The C QUAD Foot-Type is sometimes referred to as a Subtle Pes Cavus foot or an under-pronator. This foot-type exists when an Uncompensated Rearfoot Varus is coupled with a relatively normal (neutral) forefoot alignment. A key distinguishing feature of this foot-type is an obvious toe-out gait pattern.
People with this foot-type walk very toe-out. Picture how a gunslinger from an old western movie made his entrance into the local saloon! If you're not a fan of the westerns, think of a penguin or a duck! The primary consideration here is simply that the rearfoot cannot pronate at the subtalar joint. Why? Because it is uncompensated which means that calcaneal eversion is not possible! Furthermore, if a person with this foot-type attempts to stand with their feet straight ahead, they will complain that their hips hurt! Why? Since an individual with this foot-type cannot pronate at the subtalar joint, loading the inner aspect of their feet is extremely difficult. As a result they will attempt to acquire the necessary motion by externally rotating at the hips. The muscles that externally rotate the hips become chronically shorted as a result of this gait pattern. Thus, standing with their feet straight ahead is extremely uncomfortable.
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Propulsion Phase As the heel lifts off the ground, the 1st metatarsal head normally should be fully loaded to prepare for push-off. In cases of very large uncompensated RF deformities, the heel may pivot medially (swing towards the other leg) at this point to complete loading of the 1st metatarsal. This pivoting occurs around the 5th metatarsal head, often resulting in a callus. Note that the lateral column (midtarsal joint) has stayed straight and stable. Final propulsion is off the medial edge of the hallux, resulting in a pinch callus on the inside edge of the big toe. In addition, you may often see large, red "bumps" on the backs of the heels in this foot type. These are known as RCB's, or Retro-Calcaneal Bumps. This occurs as the result of repetitive, frictional forces between the severely angled heel and the back of the shoe. You may often notice a hole worn through the inside lining of the shoe as well.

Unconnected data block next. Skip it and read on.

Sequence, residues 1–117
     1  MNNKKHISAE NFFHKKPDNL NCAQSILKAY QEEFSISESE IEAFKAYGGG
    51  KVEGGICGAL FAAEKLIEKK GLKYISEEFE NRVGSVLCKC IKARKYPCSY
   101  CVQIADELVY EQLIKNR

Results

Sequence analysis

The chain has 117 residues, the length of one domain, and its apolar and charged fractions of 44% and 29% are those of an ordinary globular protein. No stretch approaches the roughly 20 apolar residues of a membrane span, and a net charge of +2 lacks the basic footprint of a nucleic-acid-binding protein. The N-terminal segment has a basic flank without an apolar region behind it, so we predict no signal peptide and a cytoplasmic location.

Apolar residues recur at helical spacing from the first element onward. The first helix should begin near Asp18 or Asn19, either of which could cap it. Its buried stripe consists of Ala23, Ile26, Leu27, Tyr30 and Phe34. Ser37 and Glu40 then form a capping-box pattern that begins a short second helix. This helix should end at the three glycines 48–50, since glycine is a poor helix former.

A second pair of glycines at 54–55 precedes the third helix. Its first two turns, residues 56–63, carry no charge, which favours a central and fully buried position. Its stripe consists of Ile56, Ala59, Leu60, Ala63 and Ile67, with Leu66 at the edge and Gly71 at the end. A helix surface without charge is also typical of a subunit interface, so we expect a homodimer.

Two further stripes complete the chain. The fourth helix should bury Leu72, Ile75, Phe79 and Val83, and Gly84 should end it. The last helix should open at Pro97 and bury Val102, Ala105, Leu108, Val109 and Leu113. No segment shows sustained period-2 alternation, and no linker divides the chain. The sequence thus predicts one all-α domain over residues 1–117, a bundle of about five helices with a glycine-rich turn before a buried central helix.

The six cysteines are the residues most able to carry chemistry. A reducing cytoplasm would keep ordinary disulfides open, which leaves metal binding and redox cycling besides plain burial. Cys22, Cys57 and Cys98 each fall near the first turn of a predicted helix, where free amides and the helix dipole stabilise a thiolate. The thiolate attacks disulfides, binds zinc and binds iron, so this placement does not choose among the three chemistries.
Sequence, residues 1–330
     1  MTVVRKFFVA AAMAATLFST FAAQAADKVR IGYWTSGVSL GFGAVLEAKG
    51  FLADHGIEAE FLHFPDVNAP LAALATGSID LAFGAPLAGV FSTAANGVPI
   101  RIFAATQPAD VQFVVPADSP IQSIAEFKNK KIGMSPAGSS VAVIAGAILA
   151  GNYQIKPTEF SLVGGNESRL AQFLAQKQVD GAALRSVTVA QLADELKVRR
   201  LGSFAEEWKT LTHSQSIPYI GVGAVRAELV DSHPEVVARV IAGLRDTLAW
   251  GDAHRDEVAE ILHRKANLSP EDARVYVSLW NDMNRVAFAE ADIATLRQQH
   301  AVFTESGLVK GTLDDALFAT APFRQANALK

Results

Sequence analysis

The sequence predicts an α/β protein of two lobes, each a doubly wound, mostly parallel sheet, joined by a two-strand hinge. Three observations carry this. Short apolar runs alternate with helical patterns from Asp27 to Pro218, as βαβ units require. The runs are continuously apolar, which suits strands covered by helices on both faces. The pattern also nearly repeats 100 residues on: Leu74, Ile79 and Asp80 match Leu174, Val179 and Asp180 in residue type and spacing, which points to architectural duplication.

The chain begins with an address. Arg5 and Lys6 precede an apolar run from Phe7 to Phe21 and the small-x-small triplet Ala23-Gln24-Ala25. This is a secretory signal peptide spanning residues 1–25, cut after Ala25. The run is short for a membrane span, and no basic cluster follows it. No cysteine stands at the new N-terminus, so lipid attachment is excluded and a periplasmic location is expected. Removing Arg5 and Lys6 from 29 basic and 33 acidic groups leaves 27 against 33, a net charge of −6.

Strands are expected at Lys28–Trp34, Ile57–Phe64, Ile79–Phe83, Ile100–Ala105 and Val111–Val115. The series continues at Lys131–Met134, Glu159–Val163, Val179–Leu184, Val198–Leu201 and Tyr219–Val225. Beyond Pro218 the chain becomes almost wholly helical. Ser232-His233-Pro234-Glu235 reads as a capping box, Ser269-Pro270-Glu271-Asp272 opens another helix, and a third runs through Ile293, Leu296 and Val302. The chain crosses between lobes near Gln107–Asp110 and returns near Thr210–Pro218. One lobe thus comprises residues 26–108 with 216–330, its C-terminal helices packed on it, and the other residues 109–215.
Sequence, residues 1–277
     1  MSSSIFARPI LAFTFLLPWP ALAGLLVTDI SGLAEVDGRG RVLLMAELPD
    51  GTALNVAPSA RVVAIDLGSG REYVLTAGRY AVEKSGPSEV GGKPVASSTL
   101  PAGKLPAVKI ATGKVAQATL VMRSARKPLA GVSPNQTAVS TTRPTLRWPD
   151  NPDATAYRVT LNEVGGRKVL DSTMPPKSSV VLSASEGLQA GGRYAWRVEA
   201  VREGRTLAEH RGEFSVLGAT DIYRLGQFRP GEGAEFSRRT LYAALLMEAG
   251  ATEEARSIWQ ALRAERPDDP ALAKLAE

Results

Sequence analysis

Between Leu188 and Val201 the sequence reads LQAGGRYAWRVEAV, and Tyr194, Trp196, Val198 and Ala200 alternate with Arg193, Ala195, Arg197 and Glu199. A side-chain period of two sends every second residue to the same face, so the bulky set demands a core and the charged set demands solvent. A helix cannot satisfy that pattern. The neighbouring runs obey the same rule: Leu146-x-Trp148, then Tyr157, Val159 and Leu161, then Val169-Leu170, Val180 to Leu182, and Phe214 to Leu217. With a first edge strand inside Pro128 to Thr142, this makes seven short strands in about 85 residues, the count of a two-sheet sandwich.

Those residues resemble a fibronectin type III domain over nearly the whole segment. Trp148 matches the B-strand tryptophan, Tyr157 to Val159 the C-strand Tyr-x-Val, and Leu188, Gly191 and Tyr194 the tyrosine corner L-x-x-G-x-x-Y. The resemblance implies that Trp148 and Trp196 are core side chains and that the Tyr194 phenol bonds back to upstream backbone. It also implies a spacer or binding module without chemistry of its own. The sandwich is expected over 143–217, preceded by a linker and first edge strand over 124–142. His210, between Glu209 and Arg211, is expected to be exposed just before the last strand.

As weight moves forward over the foot, the arch and midtarsal joint remain rigid, with excessive pressure borne along the lateral column and the head of the 5th metatarsal. Note that you can not easily see the arch from the back due to the large toe-out limb position. Basically, if you compare contact phase to midstance, there is little to no change in foot position. The primary compensation that occurs in order to load the medial column of the foot is external hip/limb rotation.
At initial contact, the calcaneus strikes the ground in an excessively inverted alignment relative to the ground. Since the deformity is largely uncompensated, very little pronatory motion is observed as the forefoot is lowering itself to the ground to conclude the contact period of gait. This restricted sub-talar joint pronation results in a lack of normal shock absorption by the foot. The primary compensation for this foot type in order to lower the medial column to the ground is external hip rotation, resulting in a large toe-out gait. In other words, the feet and knees are pointing away from each other. Picture how a gunslinger from an old western movie made his entrance into the local saloon!